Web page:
Guest Columns

Guest Blog: The Ocean’s Robin Staps on Why He Hates, and Loves, Being in a Band


Robin Staps - The Ocean

A malfunctioning, crappy van was no match for The Ocean, who made it to their performance at the Summer Breeze festival in Germany this past weekend despite an inordinately horrific sting of bad vehicle luck. And that’s just the beginning: read on to find out what other obstacles the band faced in the name of metal, in the words of band mastermind Robin Staps himself. Here’s a clip from The Ocean’s 2011 performance at Summer Breeze that appears on their Collective Oblivion 3xDVD set, released in 2013. 

Most bands hire a merch seller so that band members won’t have to deal with selling merch. And so do we, usually. Most bands also hire a tour manager, so that they won’t have to discuss who is driving to the hotel when everyone is already drunk after the gig… and so do we, usually.

However, no matter how well you are prepared, sometimes unforeseeable things happen, and you find yourself drowning in a vast, brown sea of shit. And then, when you are closest to drowning in it, all of a sudden a rope comes down from the sky, and you reach for that rope with your last power, carried by your last faint glimmer of hope. You cling to the rope, whatever invisible entity is at the other end of that rope pulls you out of that sea of shit, and all of a sudden you find yourself flying across it, still dripping with shit, but utterly happy that you have escaped your fate. Salvation! For anyone who doesn’t accept this to be a religious experience, it is at the very least invigorating, vital and rejuvenating. Everyone who has gone through it at least once learns to trust life, to become confident that everything will be OK.

This past weekend has been one long, continuous story of nearly drowning in that sea of shit followed by recurring salvation.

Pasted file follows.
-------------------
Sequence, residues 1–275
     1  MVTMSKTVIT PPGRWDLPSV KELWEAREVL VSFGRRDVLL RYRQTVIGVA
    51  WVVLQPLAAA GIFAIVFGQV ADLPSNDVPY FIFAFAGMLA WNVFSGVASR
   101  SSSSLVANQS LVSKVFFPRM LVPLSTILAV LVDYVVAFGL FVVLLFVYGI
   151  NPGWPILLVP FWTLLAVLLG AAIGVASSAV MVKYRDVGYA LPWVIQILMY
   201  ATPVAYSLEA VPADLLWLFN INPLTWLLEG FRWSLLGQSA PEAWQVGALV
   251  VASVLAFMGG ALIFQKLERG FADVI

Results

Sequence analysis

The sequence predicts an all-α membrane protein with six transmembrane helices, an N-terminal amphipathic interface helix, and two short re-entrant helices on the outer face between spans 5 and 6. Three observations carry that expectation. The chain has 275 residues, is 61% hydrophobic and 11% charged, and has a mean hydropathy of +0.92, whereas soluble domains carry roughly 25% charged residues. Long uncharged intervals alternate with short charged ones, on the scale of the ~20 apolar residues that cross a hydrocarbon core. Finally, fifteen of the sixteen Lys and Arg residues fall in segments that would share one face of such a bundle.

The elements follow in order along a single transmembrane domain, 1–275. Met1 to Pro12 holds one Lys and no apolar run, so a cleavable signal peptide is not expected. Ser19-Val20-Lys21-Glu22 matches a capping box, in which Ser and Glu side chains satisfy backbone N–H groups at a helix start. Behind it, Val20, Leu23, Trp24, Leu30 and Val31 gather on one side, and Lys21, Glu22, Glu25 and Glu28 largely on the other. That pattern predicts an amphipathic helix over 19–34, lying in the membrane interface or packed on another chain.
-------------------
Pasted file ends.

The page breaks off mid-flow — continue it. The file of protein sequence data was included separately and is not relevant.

Thursday, 11am: 200 km out of Berlin, on the way to Summer Breeze festival, we were having issues with our van. The engine would switch into emergency mode, which basically meant that we couldn’t drive faster than 60 km/h. Only stopping and restarting helped, until it would happen again. At first, it only occurred every 20 minutes or so, but the closer we got to the festival the more frequently it would happen, and during the last two hours of the drive we had to stop every two minutes. It seemed like the closer we got to our destination, the further we were away. In the end, the 500 km drive took us ten hours.

We arrived at Summer Breeze at 19:15, and our stage time was 19:30, eight poor, desperate mouths in an ocean of shit, gasping for air. Out of the van and right onto the stage, no time to eat, drink, think or chill. Within 15 minutes we set up our entire backline, lights and video installation, and somehow — I really don’t know how — we started playing on time. It took me until half way through “The Wish In Dreams” until I realized that we were actually playing a show at Summer Breeze, to thousands of people, at this very moment… it all seemed completely surreal. Triumph.